Cheerleading and Tumbling, Coaching, Safety, Skill Development

Cheerleader and Tumbling


When I decided years ago to start my recreational tumbling program, I had no idea cheerleading had mushroomed beyond sideline cheerleading into a competition sport!  I came from a gymnastics background and didn’t realize the number of athletes involved in the sport of cheerleading was huge.  When the cheer programs and cheer parents in our community had heard that I started a tumbling program, my classes filled up quickly.  What I noticed immediately was that the majority of these athletes hadn’t been taught basic tumbling mechanics and technique.  It was then that I realized that I had something to offer that would benefit their skill development as athletes to not only be better, but safer tumblers.  In this discussion, I will share my thoughts on the importance of proper skill mechanics for the cheerleader.

I posted on this subject previously but wanted to elaborate on some progressions to consider when training the cheerleader in tumbling. The sport of cheerleading has had enormous growth throughout the world and continues to grow at a rapid pace. The number of athletes involved in cheerleading today is huge. Unfortunately too many of them are rushed to be part of a competition team and never receive proper instruction in tumbling technique.

In regard to tumbling, the sports of gymnastics and cheerleading share many parallel skill dynamics. In gymnastics, beginning students are immediately immersed in fundamental technique and proper mechanics as the initial step toward the development of basic tumbling skills.  This means the students are immediately learning about the different body positions and shapes that will be vital to the development of all tumbling skills. Why the focus on such detail?  Because these same beginning mechanics and technique will be the building blocks that will allow them to acquire more advanced tumbling skills down the road.

group lunge postition

To better understand why proper technique has such high priority in gymnastics vs. cheerleading, we simply need to look at the fundamental difference between their competition formats. Cheerleading is an all inclusive team sport where the team is evaluated based on performing in unison. So if an individual members skill technique is somewhat flawed it has little impact on the overall team score. In gymnastics, the athlete competes alone and is evaluated on the technical execution of each and every skill they perform throughout the routine. Talk about being under a microscope!

With that said, the required basic tumbling elements for both sports are essentially the same (The Technique Controversy). The real priority for us as coaches and instructors should be teaching proper technique not only to advance the athlete, but more importantly to minimize the risk of injury.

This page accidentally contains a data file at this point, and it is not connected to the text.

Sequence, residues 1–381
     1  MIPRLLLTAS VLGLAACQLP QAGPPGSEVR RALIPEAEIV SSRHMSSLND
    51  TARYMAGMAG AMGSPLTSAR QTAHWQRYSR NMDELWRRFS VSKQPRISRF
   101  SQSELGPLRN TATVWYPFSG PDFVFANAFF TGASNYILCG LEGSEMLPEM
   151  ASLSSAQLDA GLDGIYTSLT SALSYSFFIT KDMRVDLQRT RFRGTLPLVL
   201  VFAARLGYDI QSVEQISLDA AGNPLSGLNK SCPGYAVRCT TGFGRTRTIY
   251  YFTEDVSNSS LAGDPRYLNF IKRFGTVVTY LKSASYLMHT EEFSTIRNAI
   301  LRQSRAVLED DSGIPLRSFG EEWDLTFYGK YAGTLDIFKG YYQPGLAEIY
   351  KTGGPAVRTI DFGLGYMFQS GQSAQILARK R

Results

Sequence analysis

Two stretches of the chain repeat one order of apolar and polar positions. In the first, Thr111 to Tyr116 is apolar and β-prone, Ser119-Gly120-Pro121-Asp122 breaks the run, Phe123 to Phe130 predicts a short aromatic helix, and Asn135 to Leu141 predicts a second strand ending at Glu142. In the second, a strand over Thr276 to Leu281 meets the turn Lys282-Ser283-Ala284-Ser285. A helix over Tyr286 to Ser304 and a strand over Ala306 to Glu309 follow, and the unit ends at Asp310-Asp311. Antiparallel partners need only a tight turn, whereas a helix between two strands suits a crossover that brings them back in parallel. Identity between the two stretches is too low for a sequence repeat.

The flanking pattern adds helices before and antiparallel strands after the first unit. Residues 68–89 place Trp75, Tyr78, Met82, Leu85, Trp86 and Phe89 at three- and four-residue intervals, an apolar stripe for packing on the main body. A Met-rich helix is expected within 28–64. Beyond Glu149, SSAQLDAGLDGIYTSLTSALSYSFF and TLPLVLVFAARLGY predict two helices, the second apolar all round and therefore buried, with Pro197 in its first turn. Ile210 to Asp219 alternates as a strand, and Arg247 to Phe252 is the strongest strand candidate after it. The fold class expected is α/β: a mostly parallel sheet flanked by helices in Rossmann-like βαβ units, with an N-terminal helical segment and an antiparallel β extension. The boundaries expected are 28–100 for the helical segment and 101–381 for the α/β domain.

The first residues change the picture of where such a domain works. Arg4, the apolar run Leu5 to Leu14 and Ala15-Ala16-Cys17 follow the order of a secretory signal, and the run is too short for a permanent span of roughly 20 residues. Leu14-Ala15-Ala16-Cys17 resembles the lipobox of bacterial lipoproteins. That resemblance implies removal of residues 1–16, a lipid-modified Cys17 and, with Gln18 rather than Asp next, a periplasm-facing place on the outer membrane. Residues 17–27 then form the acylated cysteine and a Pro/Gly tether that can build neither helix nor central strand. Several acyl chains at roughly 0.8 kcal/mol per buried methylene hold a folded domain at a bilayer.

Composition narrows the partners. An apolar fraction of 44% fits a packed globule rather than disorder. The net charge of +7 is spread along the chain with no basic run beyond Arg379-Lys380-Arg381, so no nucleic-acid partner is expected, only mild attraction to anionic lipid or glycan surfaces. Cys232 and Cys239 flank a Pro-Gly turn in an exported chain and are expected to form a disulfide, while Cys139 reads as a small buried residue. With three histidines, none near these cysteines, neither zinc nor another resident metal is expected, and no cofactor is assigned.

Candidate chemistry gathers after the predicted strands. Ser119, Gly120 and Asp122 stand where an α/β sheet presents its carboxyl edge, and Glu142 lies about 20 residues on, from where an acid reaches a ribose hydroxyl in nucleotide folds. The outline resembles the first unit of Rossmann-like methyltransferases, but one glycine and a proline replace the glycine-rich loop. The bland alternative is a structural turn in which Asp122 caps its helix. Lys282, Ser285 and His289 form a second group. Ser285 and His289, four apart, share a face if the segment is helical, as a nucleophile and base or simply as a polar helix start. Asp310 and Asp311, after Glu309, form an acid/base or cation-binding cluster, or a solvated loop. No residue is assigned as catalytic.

I have worked with many gymnasts and cheerleaders that have developed such bad habits in their tumbling skills that they have come to a dead-end and unable to move on to more advanced skills.  For most of the cheerleaders the result is due to the rush I mentioned earlier. In too many cases the athlete and/or the coach is in such a rush to get that one series of skills that proper technique is forfeited for the sake of time. In the end, this approach will prove to be detrimental to the athlete’s ability to build on their skill level.

The underlying concern in many cheer programs is that too many beginning tumbling instructors do not always have the inherited understanding of skill development progressions gained through years of exposure as a gymnast. They may be experts in stunting and cheer choreography, but may lack the basic technical understanding of tumbling skill progression. Teaching proper tumbling skill technique is very detailed and takes time.  Fully understanding tumbling skill mechanics and drill progressions takes years of experience, education, and in most cases actually doing.

Coaches conference
Coaches Training Conference

I highly suggest that cheer programs that do not have access to qualified tumbling instructors seek out gymnastic programs that offer tumbling for cheerleaders and set up a program for both athlete’s and instructors.

I have seen FB posts of video showing students performing a skill incorrectly with the coach asking for advice.  My initial reaction in many cases has been that they are not ready for that level of skill. Admittedly, in some cases, the safety of the student has been a concern. This is an example of the instructor not fully understanding the inherent risk associated in doing the skill improperly. In regard to the athlete, performing a skill poorly is an obvious sign that they do not have an understanding of the mechanics involved in the skill. This lack of understanding can and will result in a fear of the skill possibly to the point of a mental block, and that may very well keep them from ever owning the skill.

As I said earlier in this article, the real priority for us as coaches and instructors should be teaching proper technique not only to advance the athlete, but more importantly to minimize the risk of injury.

There are many cheerleading programs out there that do have a strong and structured tumbling program within their system.  All cheer programs should develop these systems for the positive development and safety of their athletes.  There are many resources that can be found to assist these gyms in developing a strong tumbling program.  I have worked with many cheer programs doing clinics for their students and coaches.  In addition, cheer conferences and clinics are a good way for the coaching staff to learn this knowledge.  Knowledge is power and power brings success!!

animated cheerleader with pompoms

I would love to hear your comments. Also, if there are any subjects you would like me to cover, let me know and I will do my best to post my thoughts.  Please Like and Share to all you believe will benefit from the information.